In the Wild
In the 1957
book Snakes and
Snake Hunting, Staten Island Zoo curator Carl Kauffeld described
his adventures on the Okeetee Hunt Club in Jasper County, South
Carolina. He walked forests of Okeetee in the spring time and
looked for burned out stumps and the roots of hurricane felled trees
(which he called simply "hurricanes") in search of snakes. Snakes he did
find. He recounted encounters with eastern diamondback rattlesnakes,
canebrake rattlesnakes, eastern
king snakes, and others. In spite of the impressive list of sought after
snakes species, it is his description of the beautifully colored corn
snakes of this region that may have inspired more snake enthusiasts than
any other species.
flatwoods on the Okeetee Hunt Club
Kauffeld's accounts led many to follow in his
footsteps, snake hunting on what became known as the "hallowed grounds" of Okeetee.
Snake hunters descended on the area each spring. In addition to the hunt
club land itself, they found fertile hunting grounds around dilapidated buildings.
Tin sheets from the roofs of old farm houses and barns were scattered
about on the edges of fields. It
truly was a snake hunter's paradise. But, as the old saying goes, all
good things must come to an end. The local people (gritty home
spun southerners) grew tired of out-of-towners (many of which qualified
as "yankees" as their locality origins lay north of the Mason-Dixon
line) tromping all over the countryside of Jasper County. "No Trespassing"
signs began to appear and eventually the "hallowed grounds" of Okeetee
were also closed off to snake hunters.
years ago, I made my first trip to Jasper County with my friends Bill
Love and Anthony Flanagan. Having heard that the habitat of the Okeetee
Hunt Club itself had changed, and not wishing to attract unwanted
negative attention by venturing onto the land itself, I was more
concerned with getting a general feel for the area and learning the best
techniques for finding snakes there in the modern age. We crisscrossed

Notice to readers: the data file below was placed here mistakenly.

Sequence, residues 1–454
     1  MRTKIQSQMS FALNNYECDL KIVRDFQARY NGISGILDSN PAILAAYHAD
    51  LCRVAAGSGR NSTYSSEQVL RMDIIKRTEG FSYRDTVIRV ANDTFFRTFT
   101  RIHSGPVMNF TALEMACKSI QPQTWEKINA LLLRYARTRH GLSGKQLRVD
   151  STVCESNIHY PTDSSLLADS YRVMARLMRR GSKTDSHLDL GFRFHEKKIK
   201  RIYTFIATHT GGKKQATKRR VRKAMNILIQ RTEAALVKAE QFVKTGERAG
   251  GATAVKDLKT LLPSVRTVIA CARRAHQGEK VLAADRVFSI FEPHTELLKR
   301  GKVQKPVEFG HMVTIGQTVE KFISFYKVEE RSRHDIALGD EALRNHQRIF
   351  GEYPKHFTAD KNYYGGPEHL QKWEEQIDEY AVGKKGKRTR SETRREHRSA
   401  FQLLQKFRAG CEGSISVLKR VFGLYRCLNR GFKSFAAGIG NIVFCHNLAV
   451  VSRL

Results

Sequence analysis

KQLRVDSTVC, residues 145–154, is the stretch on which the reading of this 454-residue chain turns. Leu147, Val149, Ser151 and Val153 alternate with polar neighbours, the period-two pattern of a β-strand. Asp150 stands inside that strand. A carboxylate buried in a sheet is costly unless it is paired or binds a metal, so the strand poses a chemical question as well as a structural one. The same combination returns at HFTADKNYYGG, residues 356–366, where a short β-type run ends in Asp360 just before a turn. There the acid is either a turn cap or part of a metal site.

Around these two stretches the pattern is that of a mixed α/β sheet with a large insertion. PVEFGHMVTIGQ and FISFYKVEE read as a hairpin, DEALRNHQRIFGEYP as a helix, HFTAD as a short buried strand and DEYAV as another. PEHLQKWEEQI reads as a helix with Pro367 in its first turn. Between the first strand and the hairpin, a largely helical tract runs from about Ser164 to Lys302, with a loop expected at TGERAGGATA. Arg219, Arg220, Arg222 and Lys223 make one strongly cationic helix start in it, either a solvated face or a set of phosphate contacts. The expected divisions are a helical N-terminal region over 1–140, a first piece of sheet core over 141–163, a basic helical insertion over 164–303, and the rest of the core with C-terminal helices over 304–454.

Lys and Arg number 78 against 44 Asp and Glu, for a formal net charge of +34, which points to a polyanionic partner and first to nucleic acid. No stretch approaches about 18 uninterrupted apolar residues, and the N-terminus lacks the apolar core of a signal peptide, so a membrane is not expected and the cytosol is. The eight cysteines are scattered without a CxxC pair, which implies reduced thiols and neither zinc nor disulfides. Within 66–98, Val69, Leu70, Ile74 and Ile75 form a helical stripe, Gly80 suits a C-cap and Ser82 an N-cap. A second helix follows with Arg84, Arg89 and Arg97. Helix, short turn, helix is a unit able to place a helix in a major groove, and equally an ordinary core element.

the area on dirt and paved roads and found parcels of hunt club land
scattered across the county. Many would be surprised to learn that the Okeetee Club is not just one tract of land in one location.
Major roads divide sections of the club. On the
way, we found tin sheets here and there, though many of them were shaded
by overgrown oaks and not in the best locations for snakes. On our first
day we only managed to locate a few of the less sought after species
like black racers and "greenish" rat snakes (my first one being one of
the ugliest snakes I have ever seen).
Daniel Parker with
large wild Okeetee corn snake (Photo
by Bill Love)
On the second day, we finally
located a few ideal looking tin sites, with well weathered sheets of tin
dotting grassy fields. No sooner had Anthony started to flip a beautiful
stack of corrugated metal than he was holding up three big snakes, a
black racer and two of the most impressive wild corn snakes that I had
ever seen. They made our typical Florida corn snake look puny by
comparison. We found several more tin sites, each one as mouth watering
as the next (at least to a group of snake nerds). We managed to find
several beautiful canebrakes and more corn snakes. Satisfied with our
initial scouting trip to the area, we headed on to other regions of the
old south, confident that we could return to Jasper County and easily
repeat or exceed our success on a future trip. Several return trips to
the area were disappointing. One after another, the tin spots seemed to
have disappeared. This was part of an
epidemic of scrap metal collection that eliminated hundreds of snake
hunting spots across the south. In recent years, we have found it easier
just to make trips in times of the year when the snakes are out on the
move. Florida style road cruising has served us very well.
Daniel Parker with
corn snake found under tin at a perfect looking abandoned shack. This
building has since been bulldozed and the tin removed.
(Photo by Bill Love)